While the US rebalances east to Asia, China marches west. Beijing’s project to build a “new silk road” connecting Asia and Europe is the most visible statement of its geostrategic interests. The success of the project, officially known as “One belt, one road” (OBOR), depends in large part on developments in the volatile Mideast.
Three months after Hong Kong’s handover in 1997, Hong Kong’s first Chief Executive Tung Chee-hwa said, rather naively, “the Chinese in Hong Kong should be proud of being Chinese. I earnestly hope that our youths will develop a sense of patriotism and nationalism through familiarizing with the culture of our motherland.” Such hopes have been dashed. Today many Hong Kong citizens do not, and have no wish to, identify with the Chinese mainland.
The Chinese government has long recognized the need to stop excessive land grabs and evictions of Chinese farmers by subnational governments. During this years’ annual session of the National People’s Congress the Minister of Land and Resources Jiang Daming announced changes to the Land Administration Law, which would be made public after approval.
When China’s Communists hold their 19th Party Congress in October, the choreography of the event will be as stiff as ever and broadcast the image of a rigid and unchanging political system. This image is wrong. With the help of Big Data and Artificial Intelligence, the Chinese leadership is thoroughly reshaping its approach to economic and social governance. China’s determined pursuit of the digital transformation presents a fundamental challenge to democratic political systems.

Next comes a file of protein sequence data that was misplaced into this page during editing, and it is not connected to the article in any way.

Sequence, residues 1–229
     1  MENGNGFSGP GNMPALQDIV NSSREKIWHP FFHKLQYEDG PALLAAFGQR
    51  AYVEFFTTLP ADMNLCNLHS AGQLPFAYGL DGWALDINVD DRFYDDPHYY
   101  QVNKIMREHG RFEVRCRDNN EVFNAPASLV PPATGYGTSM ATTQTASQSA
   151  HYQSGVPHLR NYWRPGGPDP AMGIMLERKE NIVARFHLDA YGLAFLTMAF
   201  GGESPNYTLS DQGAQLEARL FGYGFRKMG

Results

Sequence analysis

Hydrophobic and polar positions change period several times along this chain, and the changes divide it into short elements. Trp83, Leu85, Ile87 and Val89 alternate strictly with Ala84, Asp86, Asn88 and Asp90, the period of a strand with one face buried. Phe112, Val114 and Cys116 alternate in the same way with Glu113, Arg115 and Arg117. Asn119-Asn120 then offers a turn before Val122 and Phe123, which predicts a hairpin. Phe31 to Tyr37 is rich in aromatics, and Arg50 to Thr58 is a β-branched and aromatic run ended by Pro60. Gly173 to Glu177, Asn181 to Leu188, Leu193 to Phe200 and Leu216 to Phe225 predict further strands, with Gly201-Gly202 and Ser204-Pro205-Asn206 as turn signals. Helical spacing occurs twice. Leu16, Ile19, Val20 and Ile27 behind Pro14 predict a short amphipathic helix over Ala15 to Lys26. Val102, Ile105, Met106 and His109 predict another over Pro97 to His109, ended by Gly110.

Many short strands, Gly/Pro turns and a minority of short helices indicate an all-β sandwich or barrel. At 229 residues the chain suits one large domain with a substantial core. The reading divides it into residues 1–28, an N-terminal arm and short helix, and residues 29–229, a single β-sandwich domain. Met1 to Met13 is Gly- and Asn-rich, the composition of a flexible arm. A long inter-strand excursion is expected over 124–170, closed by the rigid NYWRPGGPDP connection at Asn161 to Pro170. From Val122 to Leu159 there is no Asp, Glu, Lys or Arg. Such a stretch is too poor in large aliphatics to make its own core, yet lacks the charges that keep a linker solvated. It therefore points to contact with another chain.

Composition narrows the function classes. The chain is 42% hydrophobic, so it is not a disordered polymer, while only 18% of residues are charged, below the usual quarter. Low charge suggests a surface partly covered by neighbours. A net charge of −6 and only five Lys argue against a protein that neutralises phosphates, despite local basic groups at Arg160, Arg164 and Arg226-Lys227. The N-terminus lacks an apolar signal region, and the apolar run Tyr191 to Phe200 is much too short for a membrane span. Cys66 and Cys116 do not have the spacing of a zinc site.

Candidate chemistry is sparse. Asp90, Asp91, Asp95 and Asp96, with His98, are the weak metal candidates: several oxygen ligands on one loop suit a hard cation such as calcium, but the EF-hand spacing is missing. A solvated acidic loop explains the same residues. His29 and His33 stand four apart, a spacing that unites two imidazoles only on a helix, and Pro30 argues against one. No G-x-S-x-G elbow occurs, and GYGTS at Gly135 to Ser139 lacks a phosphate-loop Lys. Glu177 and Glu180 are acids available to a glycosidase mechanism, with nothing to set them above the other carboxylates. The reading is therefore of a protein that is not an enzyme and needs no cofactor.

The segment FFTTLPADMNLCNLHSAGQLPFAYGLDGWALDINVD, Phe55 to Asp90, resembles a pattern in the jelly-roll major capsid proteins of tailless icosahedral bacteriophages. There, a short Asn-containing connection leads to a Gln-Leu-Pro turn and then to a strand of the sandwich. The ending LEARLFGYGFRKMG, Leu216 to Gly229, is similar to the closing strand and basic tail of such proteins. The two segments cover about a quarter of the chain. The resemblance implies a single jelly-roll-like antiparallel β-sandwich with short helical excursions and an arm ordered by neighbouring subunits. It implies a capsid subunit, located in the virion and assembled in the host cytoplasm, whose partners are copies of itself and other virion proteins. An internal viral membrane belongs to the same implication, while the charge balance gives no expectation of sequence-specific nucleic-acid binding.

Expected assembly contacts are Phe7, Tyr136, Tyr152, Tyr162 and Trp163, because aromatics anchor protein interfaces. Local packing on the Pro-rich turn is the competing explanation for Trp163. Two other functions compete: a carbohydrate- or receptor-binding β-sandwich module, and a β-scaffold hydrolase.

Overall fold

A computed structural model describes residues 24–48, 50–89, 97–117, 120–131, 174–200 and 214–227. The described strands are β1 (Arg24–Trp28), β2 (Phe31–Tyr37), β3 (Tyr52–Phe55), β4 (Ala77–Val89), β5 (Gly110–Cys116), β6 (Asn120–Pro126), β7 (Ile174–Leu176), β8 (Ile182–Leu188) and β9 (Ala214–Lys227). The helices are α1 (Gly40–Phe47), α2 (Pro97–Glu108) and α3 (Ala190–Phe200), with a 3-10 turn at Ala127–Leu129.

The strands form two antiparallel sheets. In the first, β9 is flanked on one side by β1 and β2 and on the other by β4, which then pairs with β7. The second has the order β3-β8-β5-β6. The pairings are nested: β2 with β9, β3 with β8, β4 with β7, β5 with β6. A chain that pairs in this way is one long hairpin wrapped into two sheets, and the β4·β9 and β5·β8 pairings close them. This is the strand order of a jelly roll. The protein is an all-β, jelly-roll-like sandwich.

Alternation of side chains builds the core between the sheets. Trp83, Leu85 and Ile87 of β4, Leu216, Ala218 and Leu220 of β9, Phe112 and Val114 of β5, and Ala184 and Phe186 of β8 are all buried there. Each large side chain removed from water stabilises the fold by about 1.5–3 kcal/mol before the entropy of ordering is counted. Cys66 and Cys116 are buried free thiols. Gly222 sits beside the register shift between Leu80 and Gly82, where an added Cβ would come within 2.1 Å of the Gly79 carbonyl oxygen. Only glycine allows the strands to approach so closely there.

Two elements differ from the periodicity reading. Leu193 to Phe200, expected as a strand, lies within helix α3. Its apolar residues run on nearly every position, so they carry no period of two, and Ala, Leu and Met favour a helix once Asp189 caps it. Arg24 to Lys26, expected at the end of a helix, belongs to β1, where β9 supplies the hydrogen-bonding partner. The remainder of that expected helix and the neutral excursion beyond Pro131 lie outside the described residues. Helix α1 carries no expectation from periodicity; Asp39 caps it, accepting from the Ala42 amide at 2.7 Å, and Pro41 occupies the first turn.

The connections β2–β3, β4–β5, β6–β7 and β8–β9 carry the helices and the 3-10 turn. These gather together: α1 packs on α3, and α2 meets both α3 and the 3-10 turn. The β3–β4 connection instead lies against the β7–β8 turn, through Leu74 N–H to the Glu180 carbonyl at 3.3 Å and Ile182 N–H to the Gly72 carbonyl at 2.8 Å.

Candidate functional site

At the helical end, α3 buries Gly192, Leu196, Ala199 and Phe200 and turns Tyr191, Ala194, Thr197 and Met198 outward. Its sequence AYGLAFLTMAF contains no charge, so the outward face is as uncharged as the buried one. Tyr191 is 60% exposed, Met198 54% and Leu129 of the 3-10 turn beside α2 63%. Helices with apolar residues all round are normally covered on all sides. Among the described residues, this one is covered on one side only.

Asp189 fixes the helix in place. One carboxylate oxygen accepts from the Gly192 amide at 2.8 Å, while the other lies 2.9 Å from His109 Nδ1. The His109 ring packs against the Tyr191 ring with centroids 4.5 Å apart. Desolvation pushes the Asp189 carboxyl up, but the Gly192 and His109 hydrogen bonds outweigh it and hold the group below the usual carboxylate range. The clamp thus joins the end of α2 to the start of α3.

China has announced a number of impressive environmental strategies and specific plans, but observers often worry that weak implementation may lead to the failure of China’s green transformation. Around the world, Germany is seen as a pioneer and a model for other countries when it comes to environmental policy.
The soaring debt load of local governments is a major threat to financial stability and economic growth in China. Between 2010 and 2013 alone, local debt increased by 67 percent to 17.9 trillion CNY (2.95 trillion USD) – an amount equivalent to 30 percent of Chinese GDP. And these numbers don’t even reflect debt accumulated outside official balance sheets.